On 28 May, the National Assembly (NA) passed in first debate Venezuela’s re-entry into the Inter-American Treaty of Reciprocal Assistance (TIAR), from which it had withdrawn in 2013. TIAR establishes diplomatic and military cooperation between the countries of the continent in the face of intra- and extra-regional aggressions against member States. In order for the reincorporation to be formalized, the measure must be discussed once again and passed in the NA. Subsequently, the Executive branch must enact it and communicate this to the Organization of American States (OAS).
During the discussion of the treaty, the president of the NA, Juan Guaidó, explained that TIAR represents an “additional exit mechanism to the crisis caused by Nicolás Maduro”. In this sense, the treaty would permit the use of military force “in the exercise of the right to legitimate defense”. For its part, the Maduro administration accused Guaidó of seeking to endorse a military intervention in Venezuela by rejoining the TIAR.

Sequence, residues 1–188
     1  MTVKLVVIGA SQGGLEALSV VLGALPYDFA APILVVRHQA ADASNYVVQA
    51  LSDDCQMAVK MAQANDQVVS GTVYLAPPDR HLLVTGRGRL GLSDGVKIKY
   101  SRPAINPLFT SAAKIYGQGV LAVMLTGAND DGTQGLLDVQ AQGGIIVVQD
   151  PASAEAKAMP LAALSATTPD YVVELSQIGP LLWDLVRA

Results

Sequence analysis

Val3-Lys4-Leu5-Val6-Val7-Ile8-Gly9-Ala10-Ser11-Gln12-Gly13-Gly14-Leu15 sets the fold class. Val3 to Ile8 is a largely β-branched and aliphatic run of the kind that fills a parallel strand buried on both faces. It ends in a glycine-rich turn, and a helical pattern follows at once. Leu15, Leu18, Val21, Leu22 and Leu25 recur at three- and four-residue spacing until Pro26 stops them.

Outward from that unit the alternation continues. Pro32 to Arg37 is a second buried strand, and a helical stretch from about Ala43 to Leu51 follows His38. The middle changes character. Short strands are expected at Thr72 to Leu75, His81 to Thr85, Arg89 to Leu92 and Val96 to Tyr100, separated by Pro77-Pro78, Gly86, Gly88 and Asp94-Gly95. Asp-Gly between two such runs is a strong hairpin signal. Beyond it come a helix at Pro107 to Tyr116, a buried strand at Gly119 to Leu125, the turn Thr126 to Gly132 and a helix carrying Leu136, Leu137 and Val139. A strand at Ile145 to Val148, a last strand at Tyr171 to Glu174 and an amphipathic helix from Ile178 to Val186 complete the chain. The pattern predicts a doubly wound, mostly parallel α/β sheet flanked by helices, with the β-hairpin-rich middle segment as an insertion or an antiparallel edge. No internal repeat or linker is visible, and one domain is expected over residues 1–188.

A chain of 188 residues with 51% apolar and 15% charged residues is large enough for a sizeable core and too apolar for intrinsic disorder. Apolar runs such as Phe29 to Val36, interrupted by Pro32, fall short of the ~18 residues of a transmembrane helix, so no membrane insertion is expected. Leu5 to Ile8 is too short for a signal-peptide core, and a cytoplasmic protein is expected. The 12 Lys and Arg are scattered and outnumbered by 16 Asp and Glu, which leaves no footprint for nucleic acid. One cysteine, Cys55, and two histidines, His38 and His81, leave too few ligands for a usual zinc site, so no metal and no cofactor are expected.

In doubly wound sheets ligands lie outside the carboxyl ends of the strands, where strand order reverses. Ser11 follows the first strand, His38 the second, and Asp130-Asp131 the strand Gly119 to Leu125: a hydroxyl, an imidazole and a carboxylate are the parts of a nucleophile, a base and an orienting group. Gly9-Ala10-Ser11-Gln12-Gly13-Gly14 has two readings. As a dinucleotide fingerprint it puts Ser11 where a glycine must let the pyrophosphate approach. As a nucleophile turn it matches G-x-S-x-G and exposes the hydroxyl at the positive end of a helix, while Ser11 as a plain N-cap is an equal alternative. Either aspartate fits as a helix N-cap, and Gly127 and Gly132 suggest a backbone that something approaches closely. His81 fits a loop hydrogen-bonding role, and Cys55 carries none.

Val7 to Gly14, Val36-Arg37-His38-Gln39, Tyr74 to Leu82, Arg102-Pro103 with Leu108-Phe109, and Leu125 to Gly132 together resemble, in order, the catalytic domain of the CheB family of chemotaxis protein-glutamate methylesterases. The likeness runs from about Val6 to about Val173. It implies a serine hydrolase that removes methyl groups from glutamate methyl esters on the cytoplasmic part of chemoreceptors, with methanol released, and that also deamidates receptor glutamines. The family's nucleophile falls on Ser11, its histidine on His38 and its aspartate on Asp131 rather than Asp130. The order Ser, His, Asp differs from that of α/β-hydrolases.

However, the TIAR sees military force as a final resort, with several proposed instances prior to that. In resolving a conflict, members can first decide to break up their diplomatic relations with the aggressor state and, for instance, establish an economic blockade.